Last summer I told you about a late-night musky fishing outing on Lake Vermilion. There’s a reason why I’m revisiting and re-telling the story of that night, so keep reading to find out why. It …
Last summer I told you about a late-night musky fishing outing on Lake Vermilion. There’s a reason why I’m revisiting and re-telling the story of that night, so keep reading to find out why.
It was just like any other late night musky outing. The sun and blue sky had long disappeared, giving way to the moon and darkness. I’ve always said that catching a musky is always a thrill, but to catch a musky in the darkness is that same thrill times two. When you’re fighting a fish in the daylight, you’re watching it unfold before your eyes. A daylight fish splashes and throws the same amount of water as a nighttime fish but in the daylight your eyes dominate your senses. You hear the thrashing but you don’t really hear the thrashing. When you’re fighting a fish at night your sight is replaced by your ears and your imagination. The best way I can think to compare the experiences so you understand is to use a daytime thunderstorm and compare it to the same intensity of a storm that rolls through after dark. The difference is that at night you “feel” the storm and the experience is heightened. It’s exactly the same with night time musky fishing. Does that make sense?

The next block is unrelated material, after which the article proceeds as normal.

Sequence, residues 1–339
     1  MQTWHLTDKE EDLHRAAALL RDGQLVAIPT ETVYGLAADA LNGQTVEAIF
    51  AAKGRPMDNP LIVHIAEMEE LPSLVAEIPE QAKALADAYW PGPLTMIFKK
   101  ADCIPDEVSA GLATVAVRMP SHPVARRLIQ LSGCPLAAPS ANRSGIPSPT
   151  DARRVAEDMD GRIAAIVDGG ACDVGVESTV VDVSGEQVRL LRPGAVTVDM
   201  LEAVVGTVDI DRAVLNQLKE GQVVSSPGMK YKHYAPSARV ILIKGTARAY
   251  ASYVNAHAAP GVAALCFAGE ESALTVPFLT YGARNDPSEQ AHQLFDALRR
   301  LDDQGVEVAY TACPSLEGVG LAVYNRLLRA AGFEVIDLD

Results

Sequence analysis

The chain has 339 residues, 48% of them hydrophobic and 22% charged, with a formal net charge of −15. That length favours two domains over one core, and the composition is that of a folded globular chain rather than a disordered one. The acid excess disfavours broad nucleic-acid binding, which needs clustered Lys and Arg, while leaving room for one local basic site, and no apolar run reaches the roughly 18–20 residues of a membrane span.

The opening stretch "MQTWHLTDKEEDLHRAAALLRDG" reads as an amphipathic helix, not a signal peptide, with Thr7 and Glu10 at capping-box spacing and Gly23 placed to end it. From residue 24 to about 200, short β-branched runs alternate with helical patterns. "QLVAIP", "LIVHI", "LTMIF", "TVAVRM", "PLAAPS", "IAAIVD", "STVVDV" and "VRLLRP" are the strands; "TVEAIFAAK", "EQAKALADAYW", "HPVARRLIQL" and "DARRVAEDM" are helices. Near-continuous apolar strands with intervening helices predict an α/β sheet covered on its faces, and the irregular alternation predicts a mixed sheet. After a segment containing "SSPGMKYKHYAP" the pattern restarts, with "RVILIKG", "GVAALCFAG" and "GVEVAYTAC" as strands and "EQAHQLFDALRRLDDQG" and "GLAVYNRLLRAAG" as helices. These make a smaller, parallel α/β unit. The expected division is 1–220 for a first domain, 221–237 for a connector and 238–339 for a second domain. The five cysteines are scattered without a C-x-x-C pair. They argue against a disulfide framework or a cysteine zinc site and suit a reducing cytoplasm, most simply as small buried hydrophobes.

We were casting towards a rock reef at 9:37 p.m. There was a light wind blowing just hard enough to keep the oversized mosquitos at bay. Justin Durand (that’s both who he is and where he is from) was in the back of the boat throwing an oversized topwater lure towards the reef and I was pitching a subsurface lure to deeper water. When the fish hit Justin’s lure, it